CESSNOCK sexual abuse centre Heal for Life has admitted there was ‘‘excessive discussion’’ of ‘‘cults’’ during a damaging period that included satanic ritual allegations, and founder Liz Mullinar’s claim that 500 people had reported being victims of satanic ritual abuse.
In a letter last week, the Heal for Life board told a former staff member, who left in April last year because of serious concerns about the handling of the matter, that ‘‘management will in future try to put a dampener on any such discussions’’.
‘‘Such discussions have never been a feature of healing programs themselves, and that obviously continues to be the case,’’ Heal for Life chairman Richard Harper wrote.
But the former staff member, psychologist Di Frost, and former Heal for Life board member and benefactor Graham Oborn, said they remained concerned about the centre and dismayed at the NSW Health Care Complaints Commission’s refusal to investigate Heal for Life’s response to the satanic ritual allegations.
In July this year, the commission confirmed it would not investigate the handling of a number of allegations that were based on the ‘‘recovered memories’’ of a sexual abuse survivor who became a staff member, who alleged other sexual abuse survivors who were also staff members had engaged in satanic ritual abuse involving people staying at the centre.
At least one staff member was made redundant after the allegations.
The commission acknowledged the ‘‘abuse was alleged to have involved satanic ritual abuse, which included the murder of babies, coerced sexual activities and cruelty to animals’’.
‘‘The complaint stated the volunteers were encouraged to recover those memories and that this posed a serious mental health issue for those concerned,’’ the commission said.
It acknowledged Ms Frost’s complaint was accompanied by eight letters of support from people formerly associated with the centre. But it confirmed an earlier decision not to investigate because the Health Care Complaints Act requires complaints to be about conduct affecting a client, and not staff.
The commission acknowledged Ms Frost’s concerns that volunteers and staff members were vulnerable because they were also former clients, but it said Heal for Life ‘‘makes a clear distinction between the services it provides to the public, and its relationships with paid and voluntary employees’’.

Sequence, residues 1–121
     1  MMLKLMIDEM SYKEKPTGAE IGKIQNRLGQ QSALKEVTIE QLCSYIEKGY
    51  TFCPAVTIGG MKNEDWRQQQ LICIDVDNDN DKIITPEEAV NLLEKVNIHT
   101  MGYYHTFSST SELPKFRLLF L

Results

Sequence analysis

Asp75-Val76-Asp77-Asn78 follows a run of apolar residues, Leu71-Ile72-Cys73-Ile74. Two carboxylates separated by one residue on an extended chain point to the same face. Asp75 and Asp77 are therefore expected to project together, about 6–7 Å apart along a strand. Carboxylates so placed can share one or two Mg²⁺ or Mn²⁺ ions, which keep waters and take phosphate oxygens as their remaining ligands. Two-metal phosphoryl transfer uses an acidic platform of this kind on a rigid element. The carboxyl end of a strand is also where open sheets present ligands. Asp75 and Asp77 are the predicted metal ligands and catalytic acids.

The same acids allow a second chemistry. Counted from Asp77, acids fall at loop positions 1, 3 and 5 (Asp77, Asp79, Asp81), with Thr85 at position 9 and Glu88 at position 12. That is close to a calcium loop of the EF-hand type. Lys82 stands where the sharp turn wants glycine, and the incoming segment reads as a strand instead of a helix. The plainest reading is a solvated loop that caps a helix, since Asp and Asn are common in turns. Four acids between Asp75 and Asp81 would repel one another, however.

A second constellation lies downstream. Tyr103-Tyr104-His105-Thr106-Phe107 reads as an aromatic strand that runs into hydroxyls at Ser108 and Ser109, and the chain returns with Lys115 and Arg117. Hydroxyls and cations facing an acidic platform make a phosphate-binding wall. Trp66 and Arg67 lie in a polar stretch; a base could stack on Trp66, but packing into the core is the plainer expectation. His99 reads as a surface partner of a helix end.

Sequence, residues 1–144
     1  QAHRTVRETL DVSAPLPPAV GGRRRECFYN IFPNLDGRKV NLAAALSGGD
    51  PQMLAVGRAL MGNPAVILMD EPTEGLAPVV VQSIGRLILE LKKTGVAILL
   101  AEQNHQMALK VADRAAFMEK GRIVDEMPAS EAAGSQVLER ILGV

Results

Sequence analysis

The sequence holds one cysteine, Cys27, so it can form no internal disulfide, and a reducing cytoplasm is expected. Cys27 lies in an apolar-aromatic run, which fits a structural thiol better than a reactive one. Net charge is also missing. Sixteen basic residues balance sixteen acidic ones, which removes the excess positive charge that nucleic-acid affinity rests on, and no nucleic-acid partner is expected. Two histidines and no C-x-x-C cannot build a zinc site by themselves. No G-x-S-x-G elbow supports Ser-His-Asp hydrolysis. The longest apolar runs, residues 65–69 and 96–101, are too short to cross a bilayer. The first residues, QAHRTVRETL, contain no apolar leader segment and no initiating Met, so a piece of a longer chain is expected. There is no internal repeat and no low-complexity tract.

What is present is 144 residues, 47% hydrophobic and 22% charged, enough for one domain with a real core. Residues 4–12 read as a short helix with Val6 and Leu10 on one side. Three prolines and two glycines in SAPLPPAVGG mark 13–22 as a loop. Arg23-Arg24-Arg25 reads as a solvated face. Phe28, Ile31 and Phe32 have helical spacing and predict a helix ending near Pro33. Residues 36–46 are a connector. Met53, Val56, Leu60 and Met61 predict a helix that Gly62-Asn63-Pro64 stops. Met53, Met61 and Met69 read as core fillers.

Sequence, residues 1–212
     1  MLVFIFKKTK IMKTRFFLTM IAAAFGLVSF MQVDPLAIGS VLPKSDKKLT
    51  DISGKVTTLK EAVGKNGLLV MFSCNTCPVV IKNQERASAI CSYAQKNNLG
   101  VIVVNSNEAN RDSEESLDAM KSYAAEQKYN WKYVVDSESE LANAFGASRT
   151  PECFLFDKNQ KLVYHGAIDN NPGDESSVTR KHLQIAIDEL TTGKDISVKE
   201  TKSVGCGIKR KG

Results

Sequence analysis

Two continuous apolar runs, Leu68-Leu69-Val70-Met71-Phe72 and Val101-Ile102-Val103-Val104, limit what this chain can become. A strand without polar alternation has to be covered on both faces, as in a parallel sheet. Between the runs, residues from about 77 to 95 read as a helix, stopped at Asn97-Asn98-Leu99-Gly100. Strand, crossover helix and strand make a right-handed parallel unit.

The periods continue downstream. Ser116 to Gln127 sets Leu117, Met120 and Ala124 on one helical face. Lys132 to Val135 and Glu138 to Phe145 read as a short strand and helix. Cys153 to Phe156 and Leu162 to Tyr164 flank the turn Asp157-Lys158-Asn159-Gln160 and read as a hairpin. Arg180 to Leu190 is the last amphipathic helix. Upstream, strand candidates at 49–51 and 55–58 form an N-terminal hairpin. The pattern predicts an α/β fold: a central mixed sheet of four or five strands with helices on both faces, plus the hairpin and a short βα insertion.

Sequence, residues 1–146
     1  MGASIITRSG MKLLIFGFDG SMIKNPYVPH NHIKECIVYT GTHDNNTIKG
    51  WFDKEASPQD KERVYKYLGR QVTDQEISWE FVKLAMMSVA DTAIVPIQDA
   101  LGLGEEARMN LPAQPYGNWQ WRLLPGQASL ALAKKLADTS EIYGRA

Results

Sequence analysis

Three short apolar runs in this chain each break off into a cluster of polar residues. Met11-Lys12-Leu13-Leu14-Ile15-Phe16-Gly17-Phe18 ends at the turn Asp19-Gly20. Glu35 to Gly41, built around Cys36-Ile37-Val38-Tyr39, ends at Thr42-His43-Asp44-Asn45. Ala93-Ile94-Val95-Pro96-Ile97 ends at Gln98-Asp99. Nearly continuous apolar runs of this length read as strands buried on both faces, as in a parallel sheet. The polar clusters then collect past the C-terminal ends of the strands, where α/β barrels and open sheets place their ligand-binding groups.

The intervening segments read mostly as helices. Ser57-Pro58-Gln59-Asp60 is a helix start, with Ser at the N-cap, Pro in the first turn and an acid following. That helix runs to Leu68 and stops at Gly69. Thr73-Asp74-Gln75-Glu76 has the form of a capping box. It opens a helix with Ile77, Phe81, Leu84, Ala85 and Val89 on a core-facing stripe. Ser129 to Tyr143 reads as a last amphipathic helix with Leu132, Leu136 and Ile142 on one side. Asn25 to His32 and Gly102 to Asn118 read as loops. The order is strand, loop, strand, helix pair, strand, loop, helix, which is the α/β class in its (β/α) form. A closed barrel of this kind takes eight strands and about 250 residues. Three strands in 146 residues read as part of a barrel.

In his letter to Ms Frost last week, Mr Harper said Ms Mullinar and the Heal for Life board shared Ms Frost’s concerns about the way satanic ritual abuse allegations against one staff member were handled. The staff member was made redundant after the allegations.
The board did not accept that the allegations were true, and it was not the reason the staff member was made redundant, Mr Harper said.
In a letter to the Heal for Life board in June, Ms Frost said she would ‘‘love to see Heal for Life restored to a healthy, professional organisation running amazing programs for survivors of childhood trauma’’.
She endorsed a letter by Mr Oborn to the board in July, in which he called for workers to be registered with national professional bodies.
In a letter in response last week, Mr Harper said Heal for Life’s ethos of ‘‘healing by survivors, for survivors’’ was at odds with Mr Oborn’s view that ‘‘professional organisations’’ were needed to help run the centre.
Mr Harper said the centre had 176 adult guests in 2013. He said 64.8per cent rated the program “life changing”, while 29.5per cent said it was “very positive”, and 5.7per cent “positive”.
FORMER Heal for Life board member Graham Oborn will sever his links with the centre by removing his mother’s name from the cottage he helped establish at the Cessnock site.
Mr Oborn has registered the trademark ‘‘Eva House’’, and will advise the Heal for Life board he will accept its offer to remove the name.
‘‘I’m very saddened because people have given so much to the centre, and there’s been a lot of people getting benefit from it, but I want to distance myself from it,’’ Mr Oborn said.
Eva House opened in 2006 as a place for female sexual abuse victims to live and heal for up to three months.
Mr Oborn rallied business people and the community to build the centre in honour of his mother, who was 19 when her mother died. She was left to raise her nine brothers and sisters on an isolated farm.
Her father died two years later.
Despite the difficulties, Eva Oborn provided her siblings with a safe home.
‘‘That was my aim, to provide a safe home for people who had probably never known one,’’ Mr Oborn said.